Dramatic Drone Footage Captures Adult Sharks Escaping Hammerheads By Fleeing For The Shallows

Hammerheads have a uniquely long dorsal fin for locomotion but their swimming ability is hampered by shallow waters. Stephen Kajiura, Ph.D., Florida Atlantic University

Drone footage captured off the coast of southeast Florida has recorded, for the first time, an evasive behavior practiced by blacktip sharks trying to escape huge predators. The adult sharks, Carcharhinus limbatus, flee for shallow waters when faced with hammerhead sharks, Sphyrna mokarran.

Many species of shark use shallow waters as a kind of underwater nursery where they can grow and perfect hunting strategies with a reduced risk of predation from bigger sharks. This method of seeking protection in the shallows hadn’t been recorded before in adult sharks until the emergence of this footage, which was captured as part of a study published in the Journal of Fish Biology.

By using the drone, researchers were able to observe the natural predator-prey behavior of these sharks without influencing their activity with the presence of boats. Agile blacktip sharks are efficient hunters themselves, feeding on fish, cephalopods, and crustaceans, but are predated on by bigger sharks including the great hammerhead. Hammerheads can be as big as 5.5 meters long (18 feet) and feed on stingrays, fish, and other sharks. They’re likely drawn by large groups of blacktips who present a good meal for the giant hammerheads.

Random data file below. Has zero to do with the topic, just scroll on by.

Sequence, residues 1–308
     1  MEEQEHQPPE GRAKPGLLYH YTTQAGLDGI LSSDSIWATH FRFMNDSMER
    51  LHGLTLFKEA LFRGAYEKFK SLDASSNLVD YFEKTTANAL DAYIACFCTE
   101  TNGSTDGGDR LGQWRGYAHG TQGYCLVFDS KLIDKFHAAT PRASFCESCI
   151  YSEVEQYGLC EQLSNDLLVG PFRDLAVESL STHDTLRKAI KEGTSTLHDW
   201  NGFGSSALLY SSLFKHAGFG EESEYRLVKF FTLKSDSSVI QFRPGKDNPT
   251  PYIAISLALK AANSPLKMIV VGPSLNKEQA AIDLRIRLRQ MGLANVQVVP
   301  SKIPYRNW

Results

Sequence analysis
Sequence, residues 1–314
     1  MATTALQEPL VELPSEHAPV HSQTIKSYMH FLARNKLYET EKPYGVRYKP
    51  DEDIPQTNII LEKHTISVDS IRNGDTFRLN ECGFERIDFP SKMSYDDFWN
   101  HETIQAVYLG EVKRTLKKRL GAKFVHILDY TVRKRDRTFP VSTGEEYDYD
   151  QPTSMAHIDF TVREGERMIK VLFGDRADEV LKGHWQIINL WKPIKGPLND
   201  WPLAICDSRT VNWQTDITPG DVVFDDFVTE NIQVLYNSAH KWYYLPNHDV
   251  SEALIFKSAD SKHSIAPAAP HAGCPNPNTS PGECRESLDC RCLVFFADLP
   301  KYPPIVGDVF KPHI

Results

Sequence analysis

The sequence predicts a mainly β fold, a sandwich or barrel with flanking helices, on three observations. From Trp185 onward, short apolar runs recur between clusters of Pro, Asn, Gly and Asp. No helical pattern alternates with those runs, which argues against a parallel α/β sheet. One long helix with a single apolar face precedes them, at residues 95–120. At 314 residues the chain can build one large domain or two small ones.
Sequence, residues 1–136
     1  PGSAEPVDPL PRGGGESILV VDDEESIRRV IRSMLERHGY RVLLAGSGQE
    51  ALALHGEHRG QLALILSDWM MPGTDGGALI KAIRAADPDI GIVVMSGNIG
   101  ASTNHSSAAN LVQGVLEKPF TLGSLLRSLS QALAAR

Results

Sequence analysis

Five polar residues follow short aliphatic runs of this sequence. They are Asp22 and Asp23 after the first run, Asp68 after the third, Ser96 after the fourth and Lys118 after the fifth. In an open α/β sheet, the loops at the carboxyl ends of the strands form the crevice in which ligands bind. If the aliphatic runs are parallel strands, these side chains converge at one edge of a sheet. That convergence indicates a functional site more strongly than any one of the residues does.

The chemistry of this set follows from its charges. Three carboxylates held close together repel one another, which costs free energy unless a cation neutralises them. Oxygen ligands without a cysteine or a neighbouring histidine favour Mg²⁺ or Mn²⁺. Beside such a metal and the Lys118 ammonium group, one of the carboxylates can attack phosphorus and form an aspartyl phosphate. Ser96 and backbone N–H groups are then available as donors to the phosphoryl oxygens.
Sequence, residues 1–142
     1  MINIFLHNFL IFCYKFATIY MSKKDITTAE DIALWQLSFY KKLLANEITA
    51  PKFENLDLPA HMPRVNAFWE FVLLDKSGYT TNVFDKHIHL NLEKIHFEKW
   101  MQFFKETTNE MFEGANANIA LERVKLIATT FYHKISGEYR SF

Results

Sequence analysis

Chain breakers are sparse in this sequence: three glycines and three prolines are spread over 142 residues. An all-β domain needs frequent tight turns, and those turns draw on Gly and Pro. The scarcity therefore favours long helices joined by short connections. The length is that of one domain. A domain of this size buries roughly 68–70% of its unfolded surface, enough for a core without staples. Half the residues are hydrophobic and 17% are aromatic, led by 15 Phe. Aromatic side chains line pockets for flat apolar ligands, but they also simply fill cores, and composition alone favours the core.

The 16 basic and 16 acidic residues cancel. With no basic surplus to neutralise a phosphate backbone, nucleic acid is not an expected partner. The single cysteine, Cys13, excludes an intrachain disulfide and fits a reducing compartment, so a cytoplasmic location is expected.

The drone footage captured three events where a hammerhead approached an aggregation of blacktip sharks just off the coast of Palm Beach County. In all three predator-prey interactions, the blacktips were seen retreating to the shallower waters close to shore to avoid the incoming hammerhead. The events reveal that blacktip sharks will almost beach themselves in swimming right up to the shoreline as the massive hammerhead, which is almost double the size of the blacktips, struggles to swim in the increasingly shallow waters.

"In two of the three videos, the hammerhead shark actively chased one or more blacktips toward the shore but was unsuccessful at capturing its prey," said senior author Stephen Kajiura, a professor of biological sciences at Florida Atlantic University, in a statement. "The chases ended with the hammerhead making a sharp turn away from its intended prey and the shore, back into deeper waters. The chasing events showed the hammerhead struggling as it experienced difficulty following the blacktips into the shallow waters."

At 5.5 meters (18 feet), hammerheads hunt in surprisingly shallow waters, but they get into bother when their dorsal fin breaks the surface. Stephen Kajiura, Ph.D., Florida Atlantic University

Hammerheads are known for their tall dorsal fins, which are actually longer than their pectoral fins and they use this to generate lift when swimming on their side. This fails to become an effective strategy for locomotion when the caudal fin is out of the water, meaning that very shallow waters limit the swimming ability of hammerheads as the caudal fin breaches the surface. This shortcoming enables the blacktips, who are better able to maneuver in shallow waters, to escape predatory hammerheads in the shallows.

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